I have asked my GP recently to consider whether I am suitable for one of the new anticoagulant drugs (NOACs) Dabigatran (Pradaxa) or Rivaroxaban (Xarelto) for my condition venous thromboembolism (VT); as I have a reaction to warfarin. He has informed me that Dabigatran is not currently licensed for VT but Rivaroxaban is and must be prescribed in the community. OK that's the good news.
These new NOACs are generally safer than warfarin but with any new drug there is a need to build confidence. There have been reports of an increased risk of myocardial infarction in patients on dabigtran and reports outside the UK of fatal bleeding but these reports predominantly relate to elderly patients with renal failure for whom the drugs arguably should not have been prescribed.
Here's the problem, NOAC's are more expensive (tablet for tablet than warfarin) - approximate costs warfarin 5mg tablet 10p (plus monitoring costs), dabigtran any tablet £2.52, rivaroxaban any tablet £2.10. Consequently, PCT's maybe reluctant for patients to have NOAC's prescribed because of cost. However, I am informed there are exceptional patients for whom these drugs maybe preferred option are:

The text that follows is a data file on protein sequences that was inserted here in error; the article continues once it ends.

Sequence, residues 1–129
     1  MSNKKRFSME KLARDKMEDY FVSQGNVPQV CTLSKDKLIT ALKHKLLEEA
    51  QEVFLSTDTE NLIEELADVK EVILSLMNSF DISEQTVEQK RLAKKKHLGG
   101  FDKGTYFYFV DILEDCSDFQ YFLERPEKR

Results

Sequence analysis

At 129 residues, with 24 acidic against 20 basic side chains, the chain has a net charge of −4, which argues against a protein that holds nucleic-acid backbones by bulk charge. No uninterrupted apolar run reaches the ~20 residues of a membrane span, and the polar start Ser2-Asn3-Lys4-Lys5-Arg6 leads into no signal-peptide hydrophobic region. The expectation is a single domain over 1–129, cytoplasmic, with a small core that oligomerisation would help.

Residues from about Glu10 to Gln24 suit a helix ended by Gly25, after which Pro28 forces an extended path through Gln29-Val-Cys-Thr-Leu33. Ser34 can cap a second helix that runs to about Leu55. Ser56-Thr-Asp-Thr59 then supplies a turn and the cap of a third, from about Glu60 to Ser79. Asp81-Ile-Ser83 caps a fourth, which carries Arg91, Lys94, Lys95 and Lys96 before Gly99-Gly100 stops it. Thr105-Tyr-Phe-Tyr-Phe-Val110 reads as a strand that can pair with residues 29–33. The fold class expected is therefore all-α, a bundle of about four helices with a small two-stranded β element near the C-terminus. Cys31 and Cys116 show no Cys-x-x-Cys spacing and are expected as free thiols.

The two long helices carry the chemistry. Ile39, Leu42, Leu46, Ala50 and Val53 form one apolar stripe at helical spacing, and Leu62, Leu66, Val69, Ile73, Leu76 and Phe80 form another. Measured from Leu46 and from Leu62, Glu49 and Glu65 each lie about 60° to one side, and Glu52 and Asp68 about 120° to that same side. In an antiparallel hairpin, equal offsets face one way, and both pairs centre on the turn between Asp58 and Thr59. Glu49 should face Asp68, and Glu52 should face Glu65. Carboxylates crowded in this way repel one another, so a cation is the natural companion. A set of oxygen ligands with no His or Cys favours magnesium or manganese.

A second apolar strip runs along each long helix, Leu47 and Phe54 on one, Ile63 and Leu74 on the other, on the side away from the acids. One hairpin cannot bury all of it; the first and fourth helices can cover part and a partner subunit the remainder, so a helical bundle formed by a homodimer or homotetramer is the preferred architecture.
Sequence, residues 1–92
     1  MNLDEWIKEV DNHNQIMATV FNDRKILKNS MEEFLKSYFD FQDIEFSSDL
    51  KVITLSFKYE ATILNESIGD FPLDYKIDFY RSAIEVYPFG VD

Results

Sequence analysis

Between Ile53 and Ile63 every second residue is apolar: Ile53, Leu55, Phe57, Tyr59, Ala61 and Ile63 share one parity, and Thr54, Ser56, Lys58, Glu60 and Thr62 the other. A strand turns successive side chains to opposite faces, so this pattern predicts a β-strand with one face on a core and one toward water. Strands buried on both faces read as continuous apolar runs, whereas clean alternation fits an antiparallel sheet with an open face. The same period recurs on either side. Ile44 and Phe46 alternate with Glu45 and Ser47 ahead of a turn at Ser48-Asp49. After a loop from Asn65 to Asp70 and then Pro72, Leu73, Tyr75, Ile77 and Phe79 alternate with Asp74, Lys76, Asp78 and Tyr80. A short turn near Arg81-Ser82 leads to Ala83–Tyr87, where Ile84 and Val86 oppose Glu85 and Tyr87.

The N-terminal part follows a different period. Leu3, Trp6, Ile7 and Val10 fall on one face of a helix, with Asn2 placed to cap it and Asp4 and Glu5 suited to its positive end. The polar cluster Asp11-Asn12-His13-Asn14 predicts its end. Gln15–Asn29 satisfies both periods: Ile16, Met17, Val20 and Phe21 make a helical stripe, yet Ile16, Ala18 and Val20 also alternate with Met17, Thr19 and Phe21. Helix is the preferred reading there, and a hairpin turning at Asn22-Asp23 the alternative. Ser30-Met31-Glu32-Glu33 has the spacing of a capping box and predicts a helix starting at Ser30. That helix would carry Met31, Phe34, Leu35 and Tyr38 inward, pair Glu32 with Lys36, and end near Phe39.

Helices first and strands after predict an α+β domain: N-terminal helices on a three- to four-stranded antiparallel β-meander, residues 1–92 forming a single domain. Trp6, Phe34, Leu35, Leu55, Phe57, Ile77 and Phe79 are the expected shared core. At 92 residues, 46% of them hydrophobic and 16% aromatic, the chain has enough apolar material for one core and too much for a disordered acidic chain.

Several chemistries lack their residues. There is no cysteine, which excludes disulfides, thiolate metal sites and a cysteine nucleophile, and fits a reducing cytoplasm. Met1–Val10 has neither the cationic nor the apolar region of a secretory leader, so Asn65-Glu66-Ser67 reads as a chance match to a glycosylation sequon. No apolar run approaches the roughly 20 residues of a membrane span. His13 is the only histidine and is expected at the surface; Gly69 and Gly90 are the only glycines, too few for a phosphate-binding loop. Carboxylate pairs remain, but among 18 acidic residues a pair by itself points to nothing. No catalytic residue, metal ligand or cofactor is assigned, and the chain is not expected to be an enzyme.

1) patients with warfarin resistance - INR <1.3> 20mg daily;
2) patients with warfarin induced skin necrosis;
3) patients with severe adverse reactions to warfarin,
4) Some patients on long term LMWH as NOAC's maybe cheaper and more effective.
NOAC's should not be prescribed in pregnancy simple because they have not been prescribed to pregnant women in clinical trials.
For me, unless my reaction to warfarin gets any worse, then I will continue to self-test and self-dose weekly as I can achieve a target range of 90%, which when compared to monthly or longer monitoring of only 50%!!!!
Get Self-Testing and Self-dosing now and enjoy a better quality of life.
All the information was obtained from Department of Haematology but has been condensed for the blog. Full copy can be obtained by emailing me firstname.lastname@example.org